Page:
Union’s Planning and Zoning Commission Meeting had a different feel from the moment you entered City Hall on Monday, March 23.
With the building closed to the public during the day, a sign told meeting attendees to knock on the glass door at the front entrance, so someone could let you in.
Instead of going downstairs to the regular meeting room, people walked across the lobby to the auditorium.
To keep people spaced apart, seven tables went across the gym floor in an arching pattern, with one chair at each table. Only three of the tables had people siting at them, one occupied by planning and zoning commission Chairman Greg Bailey one with board of aldermen liaison Bill Isgriggs and one with new commission member John Wagner.
Two other commissioners, Richard Purschke and Cynthia Reckart, took part via conference call, as did City Administrator Russell Rost.
Two similar tables faced the commissioners, one occupied by Mayor Rod Tappe, the other by City Clerk Jonita Copeland.
A couple other city officials sat to the side of the gym, but others had to wait to be called in the lobby, to make sure the meeting didn’t have more than 10 people in attendance at a time.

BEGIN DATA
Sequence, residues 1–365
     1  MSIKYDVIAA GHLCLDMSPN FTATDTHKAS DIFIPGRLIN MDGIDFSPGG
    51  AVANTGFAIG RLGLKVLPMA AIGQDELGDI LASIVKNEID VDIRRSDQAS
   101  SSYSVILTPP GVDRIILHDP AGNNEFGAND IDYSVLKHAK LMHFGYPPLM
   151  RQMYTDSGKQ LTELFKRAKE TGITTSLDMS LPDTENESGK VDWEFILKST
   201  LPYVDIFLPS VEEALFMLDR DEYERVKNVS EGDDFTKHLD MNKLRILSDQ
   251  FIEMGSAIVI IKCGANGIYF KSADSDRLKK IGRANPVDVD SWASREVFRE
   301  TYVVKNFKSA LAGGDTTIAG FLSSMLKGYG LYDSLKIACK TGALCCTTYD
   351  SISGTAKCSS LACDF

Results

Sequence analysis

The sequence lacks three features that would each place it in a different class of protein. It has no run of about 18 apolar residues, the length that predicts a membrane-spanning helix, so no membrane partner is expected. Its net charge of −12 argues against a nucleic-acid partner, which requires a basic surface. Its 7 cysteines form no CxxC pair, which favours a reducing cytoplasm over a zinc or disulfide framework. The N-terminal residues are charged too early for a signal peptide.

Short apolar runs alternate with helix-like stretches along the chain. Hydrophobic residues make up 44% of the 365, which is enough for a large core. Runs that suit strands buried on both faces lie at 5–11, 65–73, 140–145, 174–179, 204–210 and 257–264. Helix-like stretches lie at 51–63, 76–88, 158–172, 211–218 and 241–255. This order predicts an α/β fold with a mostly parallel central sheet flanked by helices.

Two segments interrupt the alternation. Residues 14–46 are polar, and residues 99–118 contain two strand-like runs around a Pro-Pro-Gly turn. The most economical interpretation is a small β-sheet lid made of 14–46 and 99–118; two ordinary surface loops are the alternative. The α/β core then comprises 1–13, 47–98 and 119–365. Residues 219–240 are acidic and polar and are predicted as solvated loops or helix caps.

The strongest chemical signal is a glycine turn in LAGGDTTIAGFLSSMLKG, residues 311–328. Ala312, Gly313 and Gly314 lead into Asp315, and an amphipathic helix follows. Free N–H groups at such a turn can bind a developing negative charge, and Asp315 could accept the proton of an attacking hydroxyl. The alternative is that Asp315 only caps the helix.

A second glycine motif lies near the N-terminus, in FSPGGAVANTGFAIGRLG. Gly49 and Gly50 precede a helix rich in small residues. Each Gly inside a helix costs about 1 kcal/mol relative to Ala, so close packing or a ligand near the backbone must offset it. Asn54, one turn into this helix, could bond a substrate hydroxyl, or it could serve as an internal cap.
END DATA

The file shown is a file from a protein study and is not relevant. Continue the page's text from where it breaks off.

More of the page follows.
The meeting, which lasted about 20 minutes, was the city’s first try in dealing with new regulations caused by the COVID-19, the coronavirus. Rost previously said some commission members would take part remotely because they are in an age-group more likely to have serious symptoms caused by the virus.
The commission moved forward an application for a conditional permit for Keith Johnson to continue to maintain an 80-foot-tall antennae and radio tower at Storage Depot, located at 2070 Old Highway 50 East.
Johnson took part in the meeting via Zoom video conference. Officials had to call into the hallway to make sure no one else was on site to discuss the matter.
The unanimous vote had to be taken by roll call to avoid confusion.
Residence in Business
The second item approved was a conditional permit for Katie Lin to have a residence on the second floor of a salon and spa she is opening at 304 Hawthorne Dr. The property’s current zoning does not allow for living quarters in a business.
Lin’s representatives said she would prefer a permanent zoning change so they did not have to get another conditional use permit in the future, but the conditional use was acceptable.
“I think there’s a way to make a happy medium,” said real estate agent Derek Schriewer, speaking from the middle of the large arch of commissioners.
The city considered a similar request several years ago, but the applicant withdrew, City Engineer Jonathan Zimmermann told commissioners.
Commissioners decided to allow the permit conditionally.
“I would prefer to keep it conditional use, just in case someone wants to change it, we can keep some control of it,” Bailey said.
The moves must still be approved by the board of aldermen. And, with hair salons among the businesses Franklin County closed this week, Lin’s business will not be able to open until at least April 17.